Senior army sources say they intend to fight the DAC decision on joint funding. The military has already pointed out that the DPP-2008 does not mention the DRDO as eligible to develop “High Technology Complex Systems”. The DRDO admits that the new decision could face delays in implementation if the military decides to stonewall it, citing the DPP-2008.

Call of the Unknown Soldier
by Rajbir Deswal

Driving past Maj. Sandeep Shankla Park in Panchkula, I hazily saw certain Army and private vehicles lined up, in a thick downpour. It was some solemn ceremony going on. Army men were slow-marching with wreaths, to the bust of the officer, who gave his life in the line of duty, on August 8, in 1991.

Moved and impassioned, I told my driver to take the first available U-turn. Memories of the Kargil War flashed on my mind, when I had witnessed six soldiers “brought-home-dead,” in Fatehabad District alone.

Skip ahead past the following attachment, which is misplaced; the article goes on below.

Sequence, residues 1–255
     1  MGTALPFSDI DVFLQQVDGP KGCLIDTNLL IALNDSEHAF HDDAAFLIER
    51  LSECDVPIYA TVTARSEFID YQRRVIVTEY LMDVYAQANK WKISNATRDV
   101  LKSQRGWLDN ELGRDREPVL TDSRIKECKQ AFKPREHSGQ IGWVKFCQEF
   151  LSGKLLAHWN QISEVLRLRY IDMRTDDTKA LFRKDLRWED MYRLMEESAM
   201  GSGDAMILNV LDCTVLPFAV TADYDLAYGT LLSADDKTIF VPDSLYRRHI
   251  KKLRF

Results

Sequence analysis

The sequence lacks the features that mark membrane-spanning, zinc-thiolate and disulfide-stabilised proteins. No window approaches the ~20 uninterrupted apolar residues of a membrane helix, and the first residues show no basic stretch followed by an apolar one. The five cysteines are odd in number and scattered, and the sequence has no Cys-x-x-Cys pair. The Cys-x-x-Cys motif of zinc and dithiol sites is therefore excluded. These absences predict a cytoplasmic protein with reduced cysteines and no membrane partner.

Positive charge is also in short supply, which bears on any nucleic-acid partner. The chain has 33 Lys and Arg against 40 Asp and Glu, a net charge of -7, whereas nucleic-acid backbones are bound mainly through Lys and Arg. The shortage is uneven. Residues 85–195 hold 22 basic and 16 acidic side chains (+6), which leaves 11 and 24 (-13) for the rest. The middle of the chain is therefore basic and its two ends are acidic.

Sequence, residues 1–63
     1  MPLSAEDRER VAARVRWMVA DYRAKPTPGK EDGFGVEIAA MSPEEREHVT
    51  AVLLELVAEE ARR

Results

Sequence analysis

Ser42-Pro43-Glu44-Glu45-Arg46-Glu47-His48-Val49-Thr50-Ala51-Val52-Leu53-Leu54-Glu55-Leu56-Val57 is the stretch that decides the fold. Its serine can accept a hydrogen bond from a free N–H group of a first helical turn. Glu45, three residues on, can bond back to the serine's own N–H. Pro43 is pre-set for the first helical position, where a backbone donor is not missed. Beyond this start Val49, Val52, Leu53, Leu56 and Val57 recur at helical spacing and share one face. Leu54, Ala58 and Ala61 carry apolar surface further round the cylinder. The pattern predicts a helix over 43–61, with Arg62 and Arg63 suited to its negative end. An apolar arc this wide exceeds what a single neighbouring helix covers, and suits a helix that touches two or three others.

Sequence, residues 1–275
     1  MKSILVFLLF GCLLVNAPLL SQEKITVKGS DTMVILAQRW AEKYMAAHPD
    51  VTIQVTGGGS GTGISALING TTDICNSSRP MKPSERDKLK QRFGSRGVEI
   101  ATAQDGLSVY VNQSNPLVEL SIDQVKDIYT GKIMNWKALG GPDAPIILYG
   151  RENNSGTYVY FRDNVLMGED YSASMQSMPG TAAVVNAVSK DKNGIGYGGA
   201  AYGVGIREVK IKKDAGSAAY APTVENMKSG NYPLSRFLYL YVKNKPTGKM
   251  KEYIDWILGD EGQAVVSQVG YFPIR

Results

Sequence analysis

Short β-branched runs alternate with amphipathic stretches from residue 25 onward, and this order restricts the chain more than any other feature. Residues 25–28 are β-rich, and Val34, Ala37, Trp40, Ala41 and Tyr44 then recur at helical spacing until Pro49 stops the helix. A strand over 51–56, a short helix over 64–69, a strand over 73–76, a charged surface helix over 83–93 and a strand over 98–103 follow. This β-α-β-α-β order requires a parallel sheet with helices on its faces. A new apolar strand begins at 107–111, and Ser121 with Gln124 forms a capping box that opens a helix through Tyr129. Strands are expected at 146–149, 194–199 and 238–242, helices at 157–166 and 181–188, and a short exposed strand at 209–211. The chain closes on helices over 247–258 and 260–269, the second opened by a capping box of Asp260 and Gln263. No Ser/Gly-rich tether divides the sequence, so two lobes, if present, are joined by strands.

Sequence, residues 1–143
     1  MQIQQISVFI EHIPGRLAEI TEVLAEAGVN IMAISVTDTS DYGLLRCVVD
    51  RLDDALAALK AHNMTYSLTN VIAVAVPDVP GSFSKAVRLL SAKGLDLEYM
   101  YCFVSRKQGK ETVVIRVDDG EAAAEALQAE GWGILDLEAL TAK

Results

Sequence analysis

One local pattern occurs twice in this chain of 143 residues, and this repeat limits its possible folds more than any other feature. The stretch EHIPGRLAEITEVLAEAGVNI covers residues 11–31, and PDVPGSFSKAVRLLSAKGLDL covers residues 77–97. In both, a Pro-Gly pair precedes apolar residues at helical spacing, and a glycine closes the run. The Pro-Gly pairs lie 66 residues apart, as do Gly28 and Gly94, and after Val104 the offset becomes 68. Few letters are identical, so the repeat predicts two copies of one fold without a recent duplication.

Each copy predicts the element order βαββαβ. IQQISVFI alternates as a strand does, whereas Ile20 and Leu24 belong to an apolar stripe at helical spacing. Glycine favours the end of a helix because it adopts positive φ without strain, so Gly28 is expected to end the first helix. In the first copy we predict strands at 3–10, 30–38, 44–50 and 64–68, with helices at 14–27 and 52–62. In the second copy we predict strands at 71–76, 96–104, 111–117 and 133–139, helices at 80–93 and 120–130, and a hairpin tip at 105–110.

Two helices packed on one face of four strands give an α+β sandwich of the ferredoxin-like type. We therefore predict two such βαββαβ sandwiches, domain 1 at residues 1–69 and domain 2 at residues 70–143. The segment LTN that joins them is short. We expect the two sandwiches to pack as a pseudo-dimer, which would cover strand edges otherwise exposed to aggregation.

Brave people of this region are known, not only to take in their stride, the loss of their men going down fighting, on borders for the motherland, but also to feel the collective pride of the sacrifice made by their valiant sons. I can recall the skies ranting with slogans of “Amar Rahe” and “Jab tak Suraj-Chand rahega, Foji tera naam rahega”.

The mother of one of the soldiers, who when she saw the District Magistrate and the Superintendent of Police, offering with their salutes to be the pallbearers themselves, had commented, “O’ son, you have repaid me the debt of my milk!” None cried, albeit all around looked grim at the loss of the one who brought them glory. On his son’s last journey, the father had said, “I have the whole lineup of my sons if the country needs them!”